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Wednesday, June 3, 2009

Still On The Hook: 1991 Ticket Haunts Canadian Tower

Here's the story from the Ottawa Citizen:

The government has a long memory. It will, happily, hound you into the next decade, or into old age, or into the grave.
In or near 2000, municipalities in Ontario took over the cataloguing of your sins, at least those covered by provincial statutes: speeding, careless driving, some alcohol offences, animal control infractions, building code boo-boos, dozens of others. As part of the download package, they inherited hundreds of millions of dollars in unpaid fines, some of them going back to the 1970s.
Well, not much stands between a collection machine and new-found money. Get fined, get found.
John Webb knows it.
He's a tow-truck operator based in Innisville, a village along the Mississippi River off Highway 7, just southwest of Carleton Place.
Last week, he received an official notice in the mail. Pay up or lose your driver's licence. In fact, the letter threatened: "Your driver's licence may have already been suspended by the Court for non-payment of your fines."
The fine was for $136.25. The date of the offence? May 16, 1991.
Eighteen years later, almost to the day, the provincial offences court was still trying to collect its
money.
Here is the sticky part. Webb, 47, is quite sure he paid the fine, though he no longer has a receipt or record of payment.
In the intervening 18 years, Webb says he never received a single notice the fine was outstanding. How, he wonders, is he supposed to defend himself now?
"If they say I didn't pay it, why didn't they take my driver's licence away a long time ago?"
(The only explanation he was able to get from a collections officer in Perth is that the fine is recorded as unpaid.)
Webb remembers getting the ticket. He said he was driving back from Smiths Falls one night with a group of friends when they were stopped by OPP. A passenger had open alcohol in the car and, as the driver, he was charged under the Liquor Licence Act.
It is no trifling matter.
Webb depends on his driver's licence for his livelihood at Jack's Towing and Recovery.
A longtime truck driver, he said he only started the tow-truck business about a year ago after taking out an $80,000 loan. Clearly, as a one-man operator, he can't afford to be off the road.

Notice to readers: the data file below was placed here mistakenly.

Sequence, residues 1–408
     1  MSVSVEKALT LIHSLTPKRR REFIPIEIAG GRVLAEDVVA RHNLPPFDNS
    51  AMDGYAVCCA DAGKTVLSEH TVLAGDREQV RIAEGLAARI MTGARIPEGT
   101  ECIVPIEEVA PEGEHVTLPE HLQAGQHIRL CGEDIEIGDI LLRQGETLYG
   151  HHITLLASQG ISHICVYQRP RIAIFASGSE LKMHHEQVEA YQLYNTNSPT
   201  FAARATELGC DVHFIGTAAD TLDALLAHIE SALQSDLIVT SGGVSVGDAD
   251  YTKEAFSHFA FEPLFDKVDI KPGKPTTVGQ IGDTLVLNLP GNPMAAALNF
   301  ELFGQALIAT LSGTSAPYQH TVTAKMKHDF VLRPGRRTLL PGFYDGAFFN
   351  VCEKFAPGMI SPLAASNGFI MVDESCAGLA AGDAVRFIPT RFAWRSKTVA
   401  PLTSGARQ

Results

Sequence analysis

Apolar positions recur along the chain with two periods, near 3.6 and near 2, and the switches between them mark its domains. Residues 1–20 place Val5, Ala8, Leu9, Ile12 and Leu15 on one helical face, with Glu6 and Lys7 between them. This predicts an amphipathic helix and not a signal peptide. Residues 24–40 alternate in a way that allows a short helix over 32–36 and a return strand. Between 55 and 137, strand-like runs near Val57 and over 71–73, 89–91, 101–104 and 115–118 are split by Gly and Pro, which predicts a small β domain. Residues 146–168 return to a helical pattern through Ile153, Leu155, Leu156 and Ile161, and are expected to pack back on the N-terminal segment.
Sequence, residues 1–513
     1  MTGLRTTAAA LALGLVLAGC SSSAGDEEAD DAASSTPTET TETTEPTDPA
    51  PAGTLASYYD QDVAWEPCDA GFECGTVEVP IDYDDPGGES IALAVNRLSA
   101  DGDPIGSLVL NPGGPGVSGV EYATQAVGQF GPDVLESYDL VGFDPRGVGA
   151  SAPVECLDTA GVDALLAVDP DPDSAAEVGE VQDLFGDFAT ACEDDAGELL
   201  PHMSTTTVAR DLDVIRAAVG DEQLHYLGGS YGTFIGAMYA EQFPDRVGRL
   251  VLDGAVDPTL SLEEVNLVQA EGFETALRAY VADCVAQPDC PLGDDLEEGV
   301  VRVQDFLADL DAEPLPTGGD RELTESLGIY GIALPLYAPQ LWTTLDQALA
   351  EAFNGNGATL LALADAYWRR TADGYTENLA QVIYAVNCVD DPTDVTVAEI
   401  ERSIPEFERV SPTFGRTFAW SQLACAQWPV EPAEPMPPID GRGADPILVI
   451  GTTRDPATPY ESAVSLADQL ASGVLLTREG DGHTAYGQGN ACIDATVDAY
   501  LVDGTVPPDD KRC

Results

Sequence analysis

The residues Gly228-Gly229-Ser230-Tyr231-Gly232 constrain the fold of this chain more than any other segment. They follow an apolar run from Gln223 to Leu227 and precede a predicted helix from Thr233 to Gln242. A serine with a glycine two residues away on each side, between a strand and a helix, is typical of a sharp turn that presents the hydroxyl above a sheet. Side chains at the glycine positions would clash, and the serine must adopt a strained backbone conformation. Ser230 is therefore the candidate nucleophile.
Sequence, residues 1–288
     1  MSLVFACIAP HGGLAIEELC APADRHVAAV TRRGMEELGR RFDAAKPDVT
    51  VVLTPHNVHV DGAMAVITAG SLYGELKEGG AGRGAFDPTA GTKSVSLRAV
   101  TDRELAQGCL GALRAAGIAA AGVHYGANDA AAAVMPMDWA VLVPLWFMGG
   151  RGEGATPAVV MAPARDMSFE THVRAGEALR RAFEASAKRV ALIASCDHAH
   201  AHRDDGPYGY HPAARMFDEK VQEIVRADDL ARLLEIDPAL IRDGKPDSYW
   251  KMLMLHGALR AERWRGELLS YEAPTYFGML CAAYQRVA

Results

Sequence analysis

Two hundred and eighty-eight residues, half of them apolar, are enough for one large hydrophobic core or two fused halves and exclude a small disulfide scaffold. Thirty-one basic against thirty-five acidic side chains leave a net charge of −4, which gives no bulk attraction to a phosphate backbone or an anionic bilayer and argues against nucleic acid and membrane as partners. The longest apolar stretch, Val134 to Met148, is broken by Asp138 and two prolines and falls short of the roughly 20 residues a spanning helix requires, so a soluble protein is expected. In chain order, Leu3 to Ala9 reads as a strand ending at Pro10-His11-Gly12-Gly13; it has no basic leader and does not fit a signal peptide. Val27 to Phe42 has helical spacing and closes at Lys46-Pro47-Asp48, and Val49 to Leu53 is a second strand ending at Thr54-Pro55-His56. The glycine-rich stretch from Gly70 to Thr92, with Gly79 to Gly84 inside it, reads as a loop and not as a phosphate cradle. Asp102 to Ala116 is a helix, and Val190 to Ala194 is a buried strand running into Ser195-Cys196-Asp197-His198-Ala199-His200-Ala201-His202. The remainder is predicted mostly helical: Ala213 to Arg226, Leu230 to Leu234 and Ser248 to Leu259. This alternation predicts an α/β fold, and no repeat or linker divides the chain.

"It has been 18 years. This is pitiful. And another thing: Is my licence suspended, or is it not?"
Webb said he just renewed licence plate stickers on six vehicles in April, and not a word was said about the unpaid fine. Nor was he hard to find. He has lived in the same house for 12 years.
He has appealed to area MPP Randy Hillier for help and the Conservative, who built a reputation on getting the state's pushy fingers out of the face of the ordinary man, is looking into the matter.
It is a tricky area.
Some of these fines seem to attach to the offender's driver's licence, while others do not.
(We were not joking about the dead. For 2007, the town of Perth in February forgave $31,263 in unpaid fines because the transgressors had joined the choir everlasting.)
Ken Hughes is the deputy treasurer for the city of Ottawa. It is sitting on a pile of unpaid fines totalling about $38 million. The pile never decreases too much, as old fines are paid, but new debts are added.
"It's like an inbox that never empties," Hughes said.
The city inherited the deadbeat fines in 2001.
Typically, the fines cannot be collected because the offender has moved, sometimes out of province. Strangely, Hughes said, for privacy reasons, the city cannot cross-reference a missing person with the tax rolls.
What often happens, Hughes said, is that the offender will pop into the system again -- with another speeding ticket, for instance -- and then the old fines are added to the fresh one.
"Most people say, 'I thought you'd forgotten about this'," Hughes said.
Municipalities generally have in-house collection staff, but also employ the services of outside agencies who are expert in the practice of skip-tracing.
The money is significant, with the unpaid portion across Ontario totalling $250 million or more.
Fines can be massive, too, as they cover so many different statutes. A holding company attached to high-tech mogul Michael Cowpland, for instance, had to pay a $1-million fine under the provincial securities act in 2002.
The first 25 per cent of the funds went to the province, but the remainder went into city coffers, Hughes said.
In any case, the fine demanded from Webb is surely a breach of a fundamental right to judicial fairness. At the very least, the province -- via the town of Perth -- should be required to produce documentation defending its finding of guilt and showing Webb was notified about the fine.
Better yet, it should use its discretion and forget about the whole thing.
Plain and simple, 18 years later, it's too late.

Contact Kelly Egan at 613-726-5896 or by e-mail,
kegan@thecitizen.canwest.com

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